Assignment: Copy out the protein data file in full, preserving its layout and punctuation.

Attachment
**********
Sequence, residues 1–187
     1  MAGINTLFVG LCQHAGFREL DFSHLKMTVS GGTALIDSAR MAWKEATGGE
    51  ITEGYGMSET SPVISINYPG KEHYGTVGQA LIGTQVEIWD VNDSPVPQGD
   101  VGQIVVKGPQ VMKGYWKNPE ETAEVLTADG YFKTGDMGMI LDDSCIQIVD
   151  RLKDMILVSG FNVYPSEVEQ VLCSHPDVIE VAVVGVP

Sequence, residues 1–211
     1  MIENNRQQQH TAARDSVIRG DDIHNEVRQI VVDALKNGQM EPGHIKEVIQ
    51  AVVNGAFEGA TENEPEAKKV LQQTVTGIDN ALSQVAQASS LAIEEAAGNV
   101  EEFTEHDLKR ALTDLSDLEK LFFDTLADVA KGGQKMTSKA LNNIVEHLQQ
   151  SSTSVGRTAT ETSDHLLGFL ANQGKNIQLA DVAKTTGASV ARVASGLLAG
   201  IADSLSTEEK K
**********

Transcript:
Sequence, residues 1–187
     1  MAGINTLFVG LCQHAGFREL DFSHLKMTVS GGTALIDSAR MAWKEATGGE
    51  ITEGYGMSET SPVISINYPG KEHYGTVGQA LIGTQVEIWD VNDSPVPQGD
   101  VGQIVVKGPQ VMKGYWKNPE ETAEVLTADG YFKTGDMGMI LDDSCIQIVD
   151  RLKDMILVSG FNVYPSEVEQ VLCSHPDVIE VAVVGVP

Sequence, residues 1–211
     1  MIENNRQQQH TAARDSVIRG DDIHNEVRQI VVDALKNGQM EPGHIKEVIQ
    51  AVVNGAFEGA TENEPEAKKV LQQTVTGIDN ALSQVAQASS LAIEEAAGNV
   101  EEFTEHDLKR ALTDLSDLEK LFFDTLADVA KGGQKMTSKA LNNIVEHLQQ
   151  SSTSVGRTAT ETSDHLLGFL ANQGKNIQLA DVAKTTGASV ARVASGLLAG
   201  IADSLSTEEK K